by Kyle Maywood
This article endeavours to outline, criticise and pressure test Owen’s quote “[L]iberal ideas cause liberal democracies to tend away from war with another and the same ideas prod these states into war with illiberal states” (Owen, 1994, p. 88) and in turn democratic peace theory. The article will assume Owen’s (1994) definition of liberal states, which espouses the idea that a liberal state is one that shows clear liberal character with the likes of free speech and influence from citizens. It will begin by framing democratic peace theory and looking at the reasons why the thesis, along with Owen’s quote may work, before processing a critique of the definitions, assumptions and generalisations that scholars hold toward it. Further in the essay, the theory will be tested towards a more social constructivist point of view and it will be reviewed as to whether it is liberal ideas or social construction of the theory that affects its potency and suitability in regards to war between ‘liberal’ and ‘illiberal’ states. Finally, the conclusion will be in agreement with much of the quote but with the suggestion that social construction is at least responsible for the theories legitimacy.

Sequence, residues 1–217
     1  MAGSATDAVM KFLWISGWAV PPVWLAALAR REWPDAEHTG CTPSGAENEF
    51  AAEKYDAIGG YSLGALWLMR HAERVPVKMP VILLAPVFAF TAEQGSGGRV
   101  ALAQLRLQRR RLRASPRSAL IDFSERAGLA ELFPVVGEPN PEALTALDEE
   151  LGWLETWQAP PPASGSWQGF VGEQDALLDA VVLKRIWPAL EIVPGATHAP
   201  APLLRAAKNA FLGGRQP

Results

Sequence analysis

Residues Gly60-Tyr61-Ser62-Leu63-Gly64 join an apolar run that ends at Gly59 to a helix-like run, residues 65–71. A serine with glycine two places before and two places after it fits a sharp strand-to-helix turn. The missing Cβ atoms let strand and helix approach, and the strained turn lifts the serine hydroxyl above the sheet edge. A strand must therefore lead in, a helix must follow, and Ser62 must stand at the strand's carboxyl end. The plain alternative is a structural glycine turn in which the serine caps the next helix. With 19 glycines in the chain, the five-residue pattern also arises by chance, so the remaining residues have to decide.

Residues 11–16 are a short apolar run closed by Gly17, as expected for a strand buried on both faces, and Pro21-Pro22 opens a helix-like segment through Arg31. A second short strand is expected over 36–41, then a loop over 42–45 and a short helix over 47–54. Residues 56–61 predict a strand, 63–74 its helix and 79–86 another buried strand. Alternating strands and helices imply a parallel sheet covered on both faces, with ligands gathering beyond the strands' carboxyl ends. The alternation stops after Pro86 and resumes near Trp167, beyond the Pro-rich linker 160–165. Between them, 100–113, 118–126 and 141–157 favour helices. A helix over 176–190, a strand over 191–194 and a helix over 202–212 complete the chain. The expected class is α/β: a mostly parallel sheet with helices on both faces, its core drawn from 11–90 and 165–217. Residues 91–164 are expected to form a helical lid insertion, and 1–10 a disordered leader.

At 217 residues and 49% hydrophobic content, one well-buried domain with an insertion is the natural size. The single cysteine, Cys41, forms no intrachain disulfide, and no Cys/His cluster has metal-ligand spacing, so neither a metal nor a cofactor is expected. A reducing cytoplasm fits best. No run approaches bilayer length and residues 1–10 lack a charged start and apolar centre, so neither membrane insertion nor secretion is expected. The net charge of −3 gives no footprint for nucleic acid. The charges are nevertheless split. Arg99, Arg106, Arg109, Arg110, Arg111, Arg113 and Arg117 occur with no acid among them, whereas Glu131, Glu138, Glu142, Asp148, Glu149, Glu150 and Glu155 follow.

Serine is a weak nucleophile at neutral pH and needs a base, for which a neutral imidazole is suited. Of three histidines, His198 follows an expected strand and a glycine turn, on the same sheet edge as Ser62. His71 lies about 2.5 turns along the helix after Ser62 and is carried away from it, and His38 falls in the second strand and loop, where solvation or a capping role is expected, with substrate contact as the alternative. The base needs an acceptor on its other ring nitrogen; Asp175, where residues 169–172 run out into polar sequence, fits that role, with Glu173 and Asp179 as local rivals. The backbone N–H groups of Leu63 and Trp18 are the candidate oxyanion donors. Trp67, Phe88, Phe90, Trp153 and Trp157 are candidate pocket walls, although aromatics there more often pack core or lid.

Although all of the realms of Realism and at least Neo-Liberals agree that we do live in a world of anarchy (Mir, 2014), democratic peace theory is regarded by many as the closest “we have to an empirical law in the study of International Relations.” (Levy, 1989. p.662). It proposes that democracies tend to be averse to engaging in conflict with other democracies, however they are just as likely to go to war with a non-democratic state as two non-democratic states would (Hudson, 2016). It has almost become a truism within International Relations theory, much because of high levels of quantitative and statistical analysis all showing a clear trend that democracies/liberal states do indeed act in this way (Gartzke, 2008). However, the actual reasoning for why this democratic peace trend occurs, has been a popular discussion point and often a critique, which regularly points toward a correlative vs causative argument and the critique that the link between democracy and peace could be more correlative than causative (Spaniel, 2012).